Dismay as Greens vote to stay in power
Dismay as Greens vote to stay in power

Green Party members have set the scene for massive political upheaval in the 26 Counties this winter afer they voted to stay in government and support a programme of unprecedented budget cutbacks in tandem with the gigantic NAMA bailout for bank shareholders and developers.

The special convention on Saturday voted by 84 per cent to 16 per cent in favour of continuing in government, comfortably exceeding the two-thirds majority required by the party’s constitution.

A revised programme for government emerged on Friday evening following a theatrical and apparently choreographed negotiations process between the two coalition parties, Fianna Fail and the Greens. It concluded in time for evening news shows, with negotiators from both parties claiming to have achieved a historic breakthrough.

The renegotiated Programme for Government contains a reversal of some education cutbacks and the end of stag hunting and fur farming, as well as other measures geared to the Green constituency.

Green Party members arriving at the convention at the RDS in Dublin were greeted with shouts of “Greens out”, and an alternative version of We Will Rock You: ‘‘We Will Sack You.”

Protesters including the People Before Profit Alliance, the Socialist Workers Party and Shell to Sea had gathered with placards and banners, megaphones and microphones to voice noisy opposition to the party’s vote on Nama and a new Programme for Government.

Nora Boyle, a disenchanted former member who had previously campaigned with Niall O’Brolchain, a former Green mayor of Galway, said the party now had “too much of a middle-class agenda”.

“Where is the eco-socialism the Greens stood for?”, she asked.

“The leadership has turned its back on the whole ethos of community and grass roots democracy.”

But party leader John Gormley told the convention: “Very, very hard decisions have to be made. We are willing to make those decisions, but we do so in the context of a document which is transformational in nature, which is going to deal with the problems that beset this country for many decades.”

The result means that the prospect of an imminent general election now recedes. It will come as a huge relief for 26-County Taoiseach Brian Cowen, whose administration has stabilised in recent weeks, first following the result of the Lisbon referendum and now the vote of confidence from the Green membership.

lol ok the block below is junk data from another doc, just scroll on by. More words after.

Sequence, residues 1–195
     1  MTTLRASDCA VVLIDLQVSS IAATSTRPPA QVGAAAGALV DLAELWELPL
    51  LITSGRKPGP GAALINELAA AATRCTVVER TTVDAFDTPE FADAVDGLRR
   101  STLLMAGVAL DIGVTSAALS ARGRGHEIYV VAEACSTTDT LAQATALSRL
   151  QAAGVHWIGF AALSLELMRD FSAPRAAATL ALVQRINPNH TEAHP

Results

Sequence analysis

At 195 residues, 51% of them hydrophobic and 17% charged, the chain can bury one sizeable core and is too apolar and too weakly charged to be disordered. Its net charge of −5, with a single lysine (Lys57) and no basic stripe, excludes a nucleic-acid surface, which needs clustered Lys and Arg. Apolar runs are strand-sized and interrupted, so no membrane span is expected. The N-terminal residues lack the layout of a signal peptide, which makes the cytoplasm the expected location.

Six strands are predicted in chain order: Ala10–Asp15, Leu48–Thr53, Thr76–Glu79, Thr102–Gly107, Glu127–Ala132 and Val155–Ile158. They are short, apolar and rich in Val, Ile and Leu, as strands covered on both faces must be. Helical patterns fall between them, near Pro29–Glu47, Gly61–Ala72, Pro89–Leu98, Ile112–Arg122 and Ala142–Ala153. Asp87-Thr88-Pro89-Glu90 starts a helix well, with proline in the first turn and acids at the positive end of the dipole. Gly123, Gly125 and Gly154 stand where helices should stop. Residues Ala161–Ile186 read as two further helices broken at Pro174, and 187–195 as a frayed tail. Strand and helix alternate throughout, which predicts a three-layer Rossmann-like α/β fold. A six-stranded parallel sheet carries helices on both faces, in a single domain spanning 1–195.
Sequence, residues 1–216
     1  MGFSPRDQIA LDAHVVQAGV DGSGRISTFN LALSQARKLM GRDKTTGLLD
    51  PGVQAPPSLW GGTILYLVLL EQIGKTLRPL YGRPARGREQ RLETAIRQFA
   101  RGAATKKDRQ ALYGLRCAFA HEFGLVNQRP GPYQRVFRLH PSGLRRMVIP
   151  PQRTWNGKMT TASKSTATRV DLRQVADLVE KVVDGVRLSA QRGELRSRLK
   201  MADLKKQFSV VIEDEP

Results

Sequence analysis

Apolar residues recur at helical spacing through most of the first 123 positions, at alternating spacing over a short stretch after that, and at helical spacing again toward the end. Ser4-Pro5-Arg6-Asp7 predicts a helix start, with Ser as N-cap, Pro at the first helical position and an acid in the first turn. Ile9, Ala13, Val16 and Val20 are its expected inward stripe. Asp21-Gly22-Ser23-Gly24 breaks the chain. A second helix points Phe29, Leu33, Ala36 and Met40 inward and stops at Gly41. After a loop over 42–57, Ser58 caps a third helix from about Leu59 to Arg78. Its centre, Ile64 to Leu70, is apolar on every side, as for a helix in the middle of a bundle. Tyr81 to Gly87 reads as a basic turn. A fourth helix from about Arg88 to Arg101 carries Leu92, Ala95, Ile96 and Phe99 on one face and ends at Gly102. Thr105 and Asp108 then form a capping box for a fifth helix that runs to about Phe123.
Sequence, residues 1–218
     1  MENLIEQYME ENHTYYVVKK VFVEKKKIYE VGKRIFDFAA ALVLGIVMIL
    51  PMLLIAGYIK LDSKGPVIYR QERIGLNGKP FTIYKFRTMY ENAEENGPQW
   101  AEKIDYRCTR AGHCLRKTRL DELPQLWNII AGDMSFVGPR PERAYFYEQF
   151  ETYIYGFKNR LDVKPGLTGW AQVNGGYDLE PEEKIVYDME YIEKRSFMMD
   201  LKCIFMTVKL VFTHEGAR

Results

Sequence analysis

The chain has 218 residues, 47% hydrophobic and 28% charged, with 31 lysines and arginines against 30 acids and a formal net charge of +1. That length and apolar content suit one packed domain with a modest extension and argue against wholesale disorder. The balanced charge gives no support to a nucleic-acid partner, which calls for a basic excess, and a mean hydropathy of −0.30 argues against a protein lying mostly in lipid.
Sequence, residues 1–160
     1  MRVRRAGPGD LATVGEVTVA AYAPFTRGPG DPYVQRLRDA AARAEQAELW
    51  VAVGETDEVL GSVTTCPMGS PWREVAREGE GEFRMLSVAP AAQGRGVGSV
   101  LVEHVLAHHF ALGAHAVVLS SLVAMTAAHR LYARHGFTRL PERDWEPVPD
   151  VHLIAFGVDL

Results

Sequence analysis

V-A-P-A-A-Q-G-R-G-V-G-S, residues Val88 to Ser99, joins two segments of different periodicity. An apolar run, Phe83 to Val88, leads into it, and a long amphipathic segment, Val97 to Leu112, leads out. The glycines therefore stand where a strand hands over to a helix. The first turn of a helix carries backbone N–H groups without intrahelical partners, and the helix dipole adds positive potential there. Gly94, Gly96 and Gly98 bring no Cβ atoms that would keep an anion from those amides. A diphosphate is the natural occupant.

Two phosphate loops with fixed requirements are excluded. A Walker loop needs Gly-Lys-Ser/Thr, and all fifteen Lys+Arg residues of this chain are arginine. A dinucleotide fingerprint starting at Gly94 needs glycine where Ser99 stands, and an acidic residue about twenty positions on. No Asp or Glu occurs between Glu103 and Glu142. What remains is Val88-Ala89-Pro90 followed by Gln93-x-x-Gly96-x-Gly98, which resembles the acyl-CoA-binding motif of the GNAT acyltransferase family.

Mr Cowen said he was confident the document was “a vibrant, pragmatic and comprehensive programme” and “a blueprint to meet the challenges we now face”.

“The Government partners have a good relationship based on trust, pragmatism and a shared desire to do what is best for the country in economic, social and environmental terms. This programme reflects this.”

The main opposition party, Fine Gael, criticised the deal, with enterprise spokesman Leo Varadkar saying it was “quite astonishing that Minister Gormley, when questioned... was unable to say how much the renegotiated Programme for Government is going to cost”.

Water charges are to be part of a new system for financing local government. Confirmation of the plan lead Joe Higgins MEP to predict a “water war”.

“Just as happened in the 1990s, there will be a massive boycott, with people power coming directly into play to defeat plans to introduce a water tax,” he said.

“It was such a campaign in the 1990s that forced the Fine Gael/Labour Party government to abolish water charges for the whole country in December, 1996.”

Sinn Fein’s Caoimhghin O Caolain said the Green Party was “obviously terrified of the prospect of a general election.

“They had the opportunity today to do the right thing by the Irish people and turf Fianna Fail out of Government. Instead they missed that opportunity and acted in their own selfish interests.

“They are now set to join with Fianna Fail in imposing savage cutbacks that will hit the less well off the hardest while the parasites who caused the economic crisis are bailed out by NAMA.”

* The Irish Farmers’ Association (IFA) staged “tractorcades” in the 29 county areas where it organises. Tractors gathered outside the towns on Monday morning and drove slowly through the different centres.

Protests were held in towns and cities such as Limerick, Kilkenny, Sligo, Ennis, Tralee, Carlow, Loughrea, Clonmel, Tullamore, Cavan, Monaghan, and Swords in Dublin.

IFA president Padraig Walshe, who led the protest in Portlaoise, called on the Dublin government to take immediate action to assist farmers. “Almost every town throughout rural Ireland is dependent on agriculture, and the income collapse will lead to significant downturn in business across the rural economy,” he said.

Mr Walshe said farm incomes were expected to fall this year by up to 25 per cent and 35 per cent over a two-year period. He said the average farm income was below 15,000 Euro this year.

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© 2009 Irish Republican News